Gilbreth understood efficiency, and yet her work leaves us with a question: what does efficiency cost? The promise is mastery, sufficiency, ease of accomplishment, when unnecessary friction has been eliminated. Do things the “one best way” and look what you get: Two dissertations. Twelve children. A long shelf of original and useful publications. She made it look easy. But as Lancaster makes clear, the ease is an illusion. Automation and routinization works best under controlled circumstance, but controls fail, and someone has to clean up the mess. Gilbreth mainly cleaned her own messes, though not all of them. The book’s most provocative minor character is the man who worked for decades as her main domestic servant, Tom Grieves. He’s presented as grumbly but affectionate, a practical person with a cigarette always on his lips, doing dishes and straightening rooms, chasing children around, and generally needed to maintain the conditions of predictability required for rational management to function. Grieve’s comment on his employer’s obsession with efficiency was succinct: She was, he said, trying to “make it easy for folks to work hard.”
Gilbreth exposed the realities of women’s work both inside and outside the home, but always with the promise that good technique could lift the burden. The promise is still with us; but, then again why is it still just a promise? I think it honors Gilbreth’s legacy to keep asking this question, even as it takes us outside the domain of efficiency she pioneered.
Let’s start 2016 with a very interesting talk by Randy Sargent about how to visualize the very large data sets produced by some kinds of self-tracking. Randy’s idea about using spectrograms, normally used for audio signals, to create a portrait of your own time series data, is completely novel as far as I know. If you have tried something similar, please get in touch.
In this fascinating short talk by geneticist Jim McCarter, we see detailed data about the effects of a ketogenic diet: lower blood pressure, better cholesterol numbers,and vastly improved daily well being. Jim also describes the mid-course adjustments he made to reduce side effects such as including muscle cramps and increased sensitivity to cold.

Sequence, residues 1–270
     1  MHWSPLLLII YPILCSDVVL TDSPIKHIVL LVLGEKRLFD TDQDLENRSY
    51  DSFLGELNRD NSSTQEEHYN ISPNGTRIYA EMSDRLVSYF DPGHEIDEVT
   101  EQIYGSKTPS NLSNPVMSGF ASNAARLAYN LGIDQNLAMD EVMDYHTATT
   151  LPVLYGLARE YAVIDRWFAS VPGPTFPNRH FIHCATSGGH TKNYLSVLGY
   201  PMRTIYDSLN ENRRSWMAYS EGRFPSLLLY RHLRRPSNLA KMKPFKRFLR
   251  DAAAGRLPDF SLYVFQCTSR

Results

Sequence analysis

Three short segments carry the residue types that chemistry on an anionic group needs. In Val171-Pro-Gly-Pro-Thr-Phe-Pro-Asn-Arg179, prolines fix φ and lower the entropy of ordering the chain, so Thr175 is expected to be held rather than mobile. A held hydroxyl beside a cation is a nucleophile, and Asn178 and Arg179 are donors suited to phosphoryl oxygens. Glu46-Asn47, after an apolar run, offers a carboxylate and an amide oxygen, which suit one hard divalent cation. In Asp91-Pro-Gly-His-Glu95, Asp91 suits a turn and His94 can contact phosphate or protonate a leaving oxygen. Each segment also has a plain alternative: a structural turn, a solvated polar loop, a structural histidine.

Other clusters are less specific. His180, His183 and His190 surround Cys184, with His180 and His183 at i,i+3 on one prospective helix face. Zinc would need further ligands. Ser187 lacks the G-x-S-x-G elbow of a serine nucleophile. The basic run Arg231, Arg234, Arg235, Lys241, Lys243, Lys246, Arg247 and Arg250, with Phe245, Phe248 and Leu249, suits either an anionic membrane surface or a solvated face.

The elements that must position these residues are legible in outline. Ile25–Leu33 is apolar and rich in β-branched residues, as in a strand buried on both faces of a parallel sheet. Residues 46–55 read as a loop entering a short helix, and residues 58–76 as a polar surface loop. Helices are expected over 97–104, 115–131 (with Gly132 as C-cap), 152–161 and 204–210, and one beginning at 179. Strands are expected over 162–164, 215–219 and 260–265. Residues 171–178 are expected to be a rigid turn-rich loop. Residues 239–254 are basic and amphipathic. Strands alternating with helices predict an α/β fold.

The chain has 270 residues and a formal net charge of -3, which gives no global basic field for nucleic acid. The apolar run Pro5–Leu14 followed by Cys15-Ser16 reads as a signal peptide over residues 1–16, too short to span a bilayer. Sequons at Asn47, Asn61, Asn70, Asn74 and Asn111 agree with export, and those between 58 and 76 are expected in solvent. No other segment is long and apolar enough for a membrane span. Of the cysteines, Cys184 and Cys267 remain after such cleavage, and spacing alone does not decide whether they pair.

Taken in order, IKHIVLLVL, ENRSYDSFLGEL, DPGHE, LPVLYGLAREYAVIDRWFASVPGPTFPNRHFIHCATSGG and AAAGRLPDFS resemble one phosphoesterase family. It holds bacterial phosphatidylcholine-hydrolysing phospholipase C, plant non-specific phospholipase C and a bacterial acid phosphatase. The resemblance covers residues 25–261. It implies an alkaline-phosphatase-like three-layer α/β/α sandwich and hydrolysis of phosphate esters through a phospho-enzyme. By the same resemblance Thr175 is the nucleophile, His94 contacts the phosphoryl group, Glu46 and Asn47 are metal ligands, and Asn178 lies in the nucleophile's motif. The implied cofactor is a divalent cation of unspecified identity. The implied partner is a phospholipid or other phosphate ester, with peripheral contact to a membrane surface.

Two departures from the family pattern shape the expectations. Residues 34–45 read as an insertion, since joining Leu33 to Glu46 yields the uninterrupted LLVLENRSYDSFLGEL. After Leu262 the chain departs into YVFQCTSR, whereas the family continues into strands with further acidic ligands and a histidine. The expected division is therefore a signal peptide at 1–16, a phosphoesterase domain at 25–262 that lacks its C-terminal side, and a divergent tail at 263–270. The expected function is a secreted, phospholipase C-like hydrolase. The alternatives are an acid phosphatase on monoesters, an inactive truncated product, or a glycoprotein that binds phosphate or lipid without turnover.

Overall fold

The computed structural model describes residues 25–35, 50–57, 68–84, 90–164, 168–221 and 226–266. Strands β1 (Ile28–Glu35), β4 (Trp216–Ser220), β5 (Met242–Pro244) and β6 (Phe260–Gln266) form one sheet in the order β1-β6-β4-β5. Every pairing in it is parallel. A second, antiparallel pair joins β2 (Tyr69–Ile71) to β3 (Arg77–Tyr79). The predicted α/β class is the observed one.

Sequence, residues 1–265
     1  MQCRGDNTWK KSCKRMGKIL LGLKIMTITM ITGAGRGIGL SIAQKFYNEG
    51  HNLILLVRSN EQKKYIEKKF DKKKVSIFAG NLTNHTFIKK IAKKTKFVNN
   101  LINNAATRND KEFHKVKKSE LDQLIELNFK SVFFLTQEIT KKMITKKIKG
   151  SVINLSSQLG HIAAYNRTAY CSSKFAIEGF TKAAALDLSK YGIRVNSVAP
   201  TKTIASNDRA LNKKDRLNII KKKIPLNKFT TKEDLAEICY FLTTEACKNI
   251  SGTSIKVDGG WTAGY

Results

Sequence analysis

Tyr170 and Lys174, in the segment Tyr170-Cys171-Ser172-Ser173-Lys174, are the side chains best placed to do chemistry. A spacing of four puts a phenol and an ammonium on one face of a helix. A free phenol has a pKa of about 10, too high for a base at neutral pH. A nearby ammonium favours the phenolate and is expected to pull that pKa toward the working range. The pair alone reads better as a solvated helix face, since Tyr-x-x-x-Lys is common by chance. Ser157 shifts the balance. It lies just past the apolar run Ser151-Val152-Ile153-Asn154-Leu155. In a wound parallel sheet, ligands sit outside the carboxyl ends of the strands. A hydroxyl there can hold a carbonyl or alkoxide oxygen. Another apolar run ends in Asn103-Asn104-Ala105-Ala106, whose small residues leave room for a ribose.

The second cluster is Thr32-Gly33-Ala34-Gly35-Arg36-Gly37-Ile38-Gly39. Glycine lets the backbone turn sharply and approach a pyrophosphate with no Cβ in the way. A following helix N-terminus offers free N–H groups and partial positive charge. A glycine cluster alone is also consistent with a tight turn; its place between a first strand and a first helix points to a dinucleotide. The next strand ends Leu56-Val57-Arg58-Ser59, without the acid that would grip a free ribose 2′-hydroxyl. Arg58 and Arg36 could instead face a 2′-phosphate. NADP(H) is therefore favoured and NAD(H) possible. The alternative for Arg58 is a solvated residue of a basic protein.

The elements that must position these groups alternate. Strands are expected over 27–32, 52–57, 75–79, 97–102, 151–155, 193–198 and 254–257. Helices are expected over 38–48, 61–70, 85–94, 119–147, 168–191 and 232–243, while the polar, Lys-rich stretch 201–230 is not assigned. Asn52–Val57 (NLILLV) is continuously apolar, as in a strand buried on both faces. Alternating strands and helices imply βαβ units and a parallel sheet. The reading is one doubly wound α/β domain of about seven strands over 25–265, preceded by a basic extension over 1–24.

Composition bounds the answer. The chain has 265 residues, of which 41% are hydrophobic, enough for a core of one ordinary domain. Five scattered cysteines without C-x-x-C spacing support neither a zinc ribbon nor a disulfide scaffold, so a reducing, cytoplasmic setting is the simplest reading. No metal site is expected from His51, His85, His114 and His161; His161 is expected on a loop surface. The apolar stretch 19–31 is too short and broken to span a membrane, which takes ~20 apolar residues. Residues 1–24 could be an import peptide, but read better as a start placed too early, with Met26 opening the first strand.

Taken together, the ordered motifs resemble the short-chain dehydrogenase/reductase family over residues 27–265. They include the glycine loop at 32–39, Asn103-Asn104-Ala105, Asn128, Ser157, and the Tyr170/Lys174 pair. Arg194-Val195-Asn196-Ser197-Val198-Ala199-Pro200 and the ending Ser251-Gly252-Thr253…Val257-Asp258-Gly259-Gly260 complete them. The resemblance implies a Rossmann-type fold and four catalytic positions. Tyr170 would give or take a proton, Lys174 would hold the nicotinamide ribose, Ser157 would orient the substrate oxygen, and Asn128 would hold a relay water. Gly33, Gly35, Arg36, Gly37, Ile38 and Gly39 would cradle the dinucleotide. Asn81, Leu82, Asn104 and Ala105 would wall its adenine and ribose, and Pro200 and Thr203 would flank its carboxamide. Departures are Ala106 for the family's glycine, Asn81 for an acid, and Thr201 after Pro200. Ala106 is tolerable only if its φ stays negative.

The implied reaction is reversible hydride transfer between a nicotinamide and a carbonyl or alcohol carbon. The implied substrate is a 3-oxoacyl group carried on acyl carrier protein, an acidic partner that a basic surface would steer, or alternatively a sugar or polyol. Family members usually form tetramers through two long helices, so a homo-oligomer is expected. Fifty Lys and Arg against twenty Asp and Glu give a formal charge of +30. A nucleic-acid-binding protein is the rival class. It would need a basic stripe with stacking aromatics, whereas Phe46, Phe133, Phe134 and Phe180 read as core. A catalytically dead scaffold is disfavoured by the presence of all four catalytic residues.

Jim begins: “When I tell my friends I’ve given up sugar and starch and get 80% of my calories from fat, the first question I get is: Why?”
The rest of the talk is his very clear answer.
I talked with Vinod Khosla over the summer about machine learning and the Quantified Self.
Khosla was a founder of Sun Microsystems and is one of Silicon Valley’s most experienced investors in Quantified Self companies. His portfolio includes AliveCor, Ginger.io, Jawbone, Misfit, Narrative, and many other toolmakers that people doing QS projects will recognize. In our conversation, I ask Vinod about the role machine learning can realistically play in QS practices.
Below are links to three papers Vinod mentions in the interview:
Beck, Andrew H., Ankur R. Sangoi, Samuel Leung, Robert J. Marinelli, Torsten O. Nielsen, Marc J. van de Vijver, Robert B. West, Matt van de Rijn, and Daphne Koller. “Systematic analysis of breast cancer morphology uncovers stromal features associated with survival.” Science translational medicine 3, no. 108 (2011): 108ra113-108ra113.
Ioannidis, John PA. Why Most Published Research Findings Are False. PLoS Med 2, no. 8 (2005)
We haven’t gotten the full report yet, but this looks like a wonderful meeting!
For people who take insulin, self-measurement is a matter of life and death. No wonder, then, that people with diabetes who track their blood glucose have been so important in advancing techniques of visualization,and understanding data. At the Quantified Self Europe conference in Amsterdam this year, we were honored to host a panel discussion on Data Visualization and Meaning with Joel Goldsmith (Abbott Diabetes Care), Jana Beck (Tidepool), Doug Kanter (Databetes), and Stefanie Rondags (diabetes coach and blogger).
This discussion strikes me as widely important for self-trackers whether or not we have diabetes. Many of us will be tracking blood glucose in the near future. And the issues of data access, understanding, and clinical relevance that people with diabetes are working on resemble challenges commonly faced by anybody who is tracking for health.